Behind the neck pull-ups are a great way to diversify your regular pull-ups and work out your back. But don’t be in a hurry. It’s a difficult exercise, which requires physical training. Therefore, learn the classic pull-ups on the horizontal bar first. Then complicate your workouts and experiment.
It’s worth noting that violation of the exercise technique (especially if there are contraindications) can lead to injury. But first things first.
What muscles do pull-ups work?
Behind the neck pull-ups work out the entire upper back, like the usual pull-ups on the horizontal bar:
Broadest dorsal muscles
Large round muscle
Some athletes note that behind the neck pull-ups work out well the circular muscle of the back. Other exercises hardly train it. The pectoral muscles, biceps, and shoulders work too.
Is the grip wide or narrow?
By default, we mean wide-grip pull-ups. Athletes believe that the wider the grip, the higher the effectiveness of the exercise. It’s only partially true. It’s important to keep a balance here. Because an excessively wide grip can lead to injury of the shoulder joints.
Choose the optimal width grip carefully. The main indicator is a feeling of tension in the working muscles and the absence of discomfort, a feeling of “pinching” of the shoulders or back.
As a rule, a narrowing of the grip leads to passing the load from the upper part of the broadest muscles of the back to the lower one. In addition, the pectoral muscles and arms receive additional stress. In other words, the back muscles work less. Therefore, experienced athletes don’t recommend behind the neck pull-ups with a narrow grip. Use a narrow grip only if you have a lot of experience and individual training goals.
Proper exercise technique
Behind the neck pull-ups have the following technique:
Some athletes recommend staying at the top for an extra breath. However, this is a rare exercise option. Most often, athletes use a standard exercise scheme: inhale in the starting position, exhale during lifting, and inhale during lowering without interrupting your breath.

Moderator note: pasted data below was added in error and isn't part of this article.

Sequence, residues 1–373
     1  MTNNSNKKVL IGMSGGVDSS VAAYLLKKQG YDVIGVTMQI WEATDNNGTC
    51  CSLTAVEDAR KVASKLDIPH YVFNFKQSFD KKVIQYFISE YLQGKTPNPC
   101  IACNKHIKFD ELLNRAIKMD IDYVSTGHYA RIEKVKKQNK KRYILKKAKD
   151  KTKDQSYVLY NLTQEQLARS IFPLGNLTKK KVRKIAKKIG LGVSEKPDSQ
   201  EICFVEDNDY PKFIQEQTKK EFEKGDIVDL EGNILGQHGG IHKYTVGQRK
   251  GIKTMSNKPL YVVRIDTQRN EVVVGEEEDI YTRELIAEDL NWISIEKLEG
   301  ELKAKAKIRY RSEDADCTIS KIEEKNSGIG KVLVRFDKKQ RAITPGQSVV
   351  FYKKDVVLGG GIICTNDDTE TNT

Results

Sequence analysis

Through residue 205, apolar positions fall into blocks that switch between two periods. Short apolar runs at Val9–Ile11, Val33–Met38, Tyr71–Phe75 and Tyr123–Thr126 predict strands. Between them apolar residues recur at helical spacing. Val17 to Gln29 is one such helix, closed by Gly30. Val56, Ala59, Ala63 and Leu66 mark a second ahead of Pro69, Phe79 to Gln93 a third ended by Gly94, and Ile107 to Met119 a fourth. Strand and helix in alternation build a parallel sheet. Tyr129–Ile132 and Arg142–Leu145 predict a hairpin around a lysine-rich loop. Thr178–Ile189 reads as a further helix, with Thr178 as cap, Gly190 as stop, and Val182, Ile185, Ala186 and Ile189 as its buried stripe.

The reps depend on your physical training. Try to start with 2 sets of 5-6 reps. And increase the quantity little by little.
Injuries of the cervical spine and shoulder girdle are reasons to refuse the exercise. These areas are under heavy load.
Remember, the wide grip is not the goal of the exercise. This moment is directly related to the likelihood of injury. Try a grip slightly wider than your shoulders first. Then follow your own feelings. Correct technique if necessary.
What else should I know?
Make sure that there is no hunching during the behind the neck pull-ups. There is a desire to unload the lats and hunch over at the top point, easing the load. Therefore, keep your head as straight as possible. The shoulder blades are brought together.
Try to lower yourself to the starting position smoothly. Don’t drop sharply down. Lower yourself by controlling movement and feeling the muscles work. Thus, you’ll protect yourself from shoulder injuries and increase exercise effectiveness.
Do full amplitude. Lower yourself until the arms straighten. Pull yourself up to the top point until the bar is at the level of the nape.
Think of your arms as simply “bindings”, which hold you on the horizontal bar. Don’t use your biceps. After all, your goal is to work out your back.
Remember, behind the neck pull-ups is a specific exercise for athletes who have experience training on a horizontal bar. Beginners should learn the classic pull-ups first.